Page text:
Even as I think of ways to use a Jigsaw to introduce a topic, there’s still a reciprocal teaching aspect that I’m not completely comfortable with. In an ideal jigsaw, every student returns to their home group and contributes something to the discussion. That something they contribute is unique because their expert group is the only group who talked about that particular topic. They have a special piece of the puzzle to contribute and it’s their job to ‘teach’ (at a very very basic level) the rest of their group about this missing piece. But what if that person can’t contribute? What if they zoned out in their expert group – didn’t understand – has poor social skills and has trouble communicating. It seems like the whole group suffers in this situation. Actually, in reflecting on some of my early experiments with groupwork first semester, this was the biggest problem I encountered – trying to divide the responsibility and having some students who couldn’t step up the the plate. Several of my students complained about the group structure I was creating and they were right – they were confused about the material because some students weren’t pulling their weight.

Now that some time has passed since some of my failed attempts at groupwork first semester, I realize one reason these students couldn’t contribute is because their math skills were so low – problems with their multiplication tables or integer operations or basic algebra. I suppose an appropriate analogy would be if you designed a Jigsaw that required reading and discussing a portion of a text, then realized that 1/3 of your population was practically illiterate. Another battle I realized I was fighting is that some students have just been trained to shut off in a math class – a type of learned helplessness and lack of confidence that makes it so they will take n0 risks in my class. It’s something I don’t hear about when I read about cooperative learning, so I wonder if this intense of a negative stigma is unique to high school math and therefore not always addressed when talking about ways to implement cooperative learning. I’ve been fighting both of these – low skills and anti-math sentiments – and it’s a battle that has taken me 6 months to overcome with some students. Looking back, I had inadvertently put some students way over their heads without realizing it.  To put sole responsibility on them to learn even part of concept was unfair both to them and their group members.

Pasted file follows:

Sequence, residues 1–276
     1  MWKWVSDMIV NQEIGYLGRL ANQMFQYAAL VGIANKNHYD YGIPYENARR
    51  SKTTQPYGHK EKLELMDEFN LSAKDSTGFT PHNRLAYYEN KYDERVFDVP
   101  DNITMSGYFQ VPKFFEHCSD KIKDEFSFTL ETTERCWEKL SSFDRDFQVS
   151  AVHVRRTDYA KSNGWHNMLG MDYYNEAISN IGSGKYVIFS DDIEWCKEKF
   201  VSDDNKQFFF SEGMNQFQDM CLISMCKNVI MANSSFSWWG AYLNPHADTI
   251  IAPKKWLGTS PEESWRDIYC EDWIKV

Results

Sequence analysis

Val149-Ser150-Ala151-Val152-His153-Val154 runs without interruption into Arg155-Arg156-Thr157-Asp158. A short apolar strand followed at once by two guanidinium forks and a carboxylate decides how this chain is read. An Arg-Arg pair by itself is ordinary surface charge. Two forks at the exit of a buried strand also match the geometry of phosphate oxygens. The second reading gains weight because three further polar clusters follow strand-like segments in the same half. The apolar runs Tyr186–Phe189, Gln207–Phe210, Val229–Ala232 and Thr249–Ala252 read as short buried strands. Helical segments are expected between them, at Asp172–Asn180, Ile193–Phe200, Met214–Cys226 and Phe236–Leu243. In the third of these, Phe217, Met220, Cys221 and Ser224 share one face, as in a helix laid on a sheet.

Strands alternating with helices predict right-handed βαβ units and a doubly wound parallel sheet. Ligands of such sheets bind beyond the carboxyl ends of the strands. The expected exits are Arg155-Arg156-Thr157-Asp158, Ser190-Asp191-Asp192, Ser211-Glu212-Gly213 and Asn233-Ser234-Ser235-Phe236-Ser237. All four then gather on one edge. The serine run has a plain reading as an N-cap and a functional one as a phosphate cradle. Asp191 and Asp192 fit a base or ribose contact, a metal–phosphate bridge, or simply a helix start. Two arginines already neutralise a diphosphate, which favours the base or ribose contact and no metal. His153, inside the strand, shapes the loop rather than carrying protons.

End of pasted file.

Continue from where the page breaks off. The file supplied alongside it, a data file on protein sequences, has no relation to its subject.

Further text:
I guess the thing I’m mostly reflecting on is my perception that a Jigsaw is designed to introduce a concept and how that perception has led to several failed group activities (well – maybe ‘failed’ is a harsh word. More accurately, the gnawing feeling that I could have achieved the same amount of learning in 1/3 of the time and 1/2 the frustration). I couldn’t figure out how to use a jigsaw to introduce something procedural. I couldn’t figure out how to solve the remedial-student problem. I can’t figure out how to perform that summary/discussion role that is key at the end of a jigsaw without it turning into me just reteaching the material and me wondering ‘Why didn’t I just do this in the first place?’.

Paradigm Shift – Jigsaws at the end of a unit: I just posted about a group activity I did which I called Expert Groups. It was one of the most successful group activities I’ve done all year, both in popular group metrics (face-to-face interactions, positive interdependence, individual and group accountability) and in actual learning/productivity. As I wrote that last post I was trying to think about what made it so successful and here’s what I came up with: